Ray Allen, along with a few others, is among the favorites for Sixth Man of the Year.
Among the most beloved roles in basketball, the sixth man is expected to come off the bench and give his squad solid production and sustain the energy established by the starting unit.
Whether it's providing timely three-pointers or running the offense while your floor general is catching a breather, a solid bench can make all the difference between a win and a loss.
Although the Sixth Man of the Year doesn’t necessarily have to be a scorer, there is a considerable bias toward those who do so—as evidenced by our most recent winners of the award.
Let’s break down the top five early candidates for the league’s best off-the-bench role player.
Ray Allen brought his talents to South Beach this 2012-13 season, and so far, it’s showing.
Allen is the Miami Heat's fourth-highest scorer, and he’s been playing big in key situations despite the Heat's recent struggles on the road. Considering his age and the Heat’s depth, Allen isn’t going to be playing huge minutes night in and night out, but the Heat essentially have a guy coming off the bench who could easily start on some teams in the league.
Averaging 11 points in about 25 minutes of action per game is solid for Allen, and he has the second-highest three-point percentage (.442) for the Heat, despite shooting the second-most threes per game (3.9). His output justifies his consideration among the league’s best sixth men at the moment.
Definitely among the most underrated scorers in the league, Jarrett Jack is a flat-out machine when he’s on fire. Jack is an undersized guard, but he makes up for it with grit and a deadly shot off of the dribble. Whether it’s an elbow pull-up or spot-up three-pointer, he simply excels at getting timely scoring.
A perfect piece for this upstart, fast-paced Golden State Warriors team, his scoring prowess is part of the reason the Warriors are a dreaded matchup for most NBA teams. Averaging a solid line of 11.8 points, 5.2 assists and 3.3 rebounds per game, Jack also does a decent job of getting others involved—another important part of being a reserve player.
While Jack’s production definitely stands out as a great supplement for the Warriors, Carl Landry is also worthy of an honorable mention for his solid play off the bench. However, I give the edge to Jack as the best Dubs reserve for playing more minutes per game and giving his team a formidable backcourt while alongside Stephen Curry.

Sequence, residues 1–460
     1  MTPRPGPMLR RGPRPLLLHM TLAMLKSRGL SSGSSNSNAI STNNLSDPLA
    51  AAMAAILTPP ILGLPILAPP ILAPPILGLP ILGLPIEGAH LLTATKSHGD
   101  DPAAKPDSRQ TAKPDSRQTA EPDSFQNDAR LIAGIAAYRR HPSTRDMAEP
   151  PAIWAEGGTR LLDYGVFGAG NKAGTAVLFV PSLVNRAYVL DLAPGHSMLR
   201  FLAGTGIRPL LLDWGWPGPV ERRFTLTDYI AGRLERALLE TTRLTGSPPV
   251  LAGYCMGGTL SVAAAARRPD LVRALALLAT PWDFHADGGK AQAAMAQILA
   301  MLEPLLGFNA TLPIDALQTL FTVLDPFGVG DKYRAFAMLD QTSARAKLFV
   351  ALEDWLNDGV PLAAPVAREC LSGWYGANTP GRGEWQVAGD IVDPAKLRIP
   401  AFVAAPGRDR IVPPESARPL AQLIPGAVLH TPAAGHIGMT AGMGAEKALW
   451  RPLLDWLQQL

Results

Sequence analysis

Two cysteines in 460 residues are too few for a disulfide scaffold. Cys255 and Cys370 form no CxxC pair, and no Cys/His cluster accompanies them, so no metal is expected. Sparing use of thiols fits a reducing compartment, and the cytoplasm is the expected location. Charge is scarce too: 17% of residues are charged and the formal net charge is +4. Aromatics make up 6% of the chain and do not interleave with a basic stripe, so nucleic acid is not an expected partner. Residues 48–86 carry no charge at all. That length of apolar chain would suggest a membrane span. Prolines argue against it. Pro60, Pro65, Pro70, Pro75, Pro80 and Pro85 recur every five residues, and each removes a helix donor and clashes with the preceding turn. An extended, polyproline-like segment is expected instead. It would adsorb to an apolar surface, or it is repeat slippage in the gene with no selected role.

One of the big-name acquisitions in the NBA this offseason, Kevin Martin has felt right at home with the Oklahoma City Thunder. Like most of his counterparts on this list, Martin is a scorer—and a great one at that.
Martin is averaging around 15 points per game, and combined with the dynamic scoring duo of Russell Westbrook and Kevin Durant, it’s no surprise that the Thunder are among the most formidable teams in the league.
Martin is a very cunning scorer who is adept at attacking defenders at tough angles to draw fouls, and he has an unorthodox shooting form that allows him to get shots off from anywhere on the floor with a flick of his wrist.
Given his talents, he’s a guy that loves his role—come off the bench, play around 30 minutes per game and get as many efficient baskets as possible. Considering the tremendous depth the Thunder have, it’s scary to think someone with Martin’s capability is coming off the bench.
There’s no question that Martin could easily start for most teams in the NBA, something that could certainly be said for many players on our list.
Perhaps no one on this list has as much potential as J.R. Smith of the New York Knicks. Smith has been a frustrating prospect for coaches and fans alike. While he has all the makings of an elite guard—shooting stroke, athleticism, ball-handling—his shot selection and decision-making are at times a killer.
Despite all of this, he’s having arguably the best season of his career. He’s averaging career highs in minutes (33) and points per game (17).
The only downside? He’s shooting around 40 percent in doing so.
Despite his penchant for ill-advised shooting, when Smith is hot, he’s hot. Very few guys in the league can light it up as well as he does, and considering how much the Knicks rely on him to carry the scoring load at times, he’s been given a lot more leeway as far as what he can do offensively.
Whether or not Smith will ever reach his full potential remains to be seen, but for now, he has solidified himself as one of the best off-the-bench scorers in the NBA.
A past winner of the Sixth Man of the Year award, Jamal Crawford may have finally found a home in Los Angeles. After bouncing around from Chicago, Golden State, New York, Atlanta, Portland and now L.A., Crawford may go down as one of the greatest pure-scoring reserves to ever come off the bench.
Like J.R. Smith, Crawford also has a reputation for being a gunner, but aside from those rough shooting nights when his jump shot is clicking, he’s virtually unguardable.
Out of everyone on this list, Crawford probably ranks highest as far as the “entertainment factor” goes. His patented shake-and-bake hop step, vicious crossovers and ridiculous off-the-dribble shooting make him a must-watch player whenever he has the ball in his hands.
He’s averaging around 16 points per game, and along with the rest of the incredibly deep Los Angeles Clippers bench, he has helped make his team one of the more dominant groups in the league this season.
His all-around impact and consistent output for the Clippers make him the current front-runner for his second Sixth Man of the Year trophy. But we still have a lot of basketball left.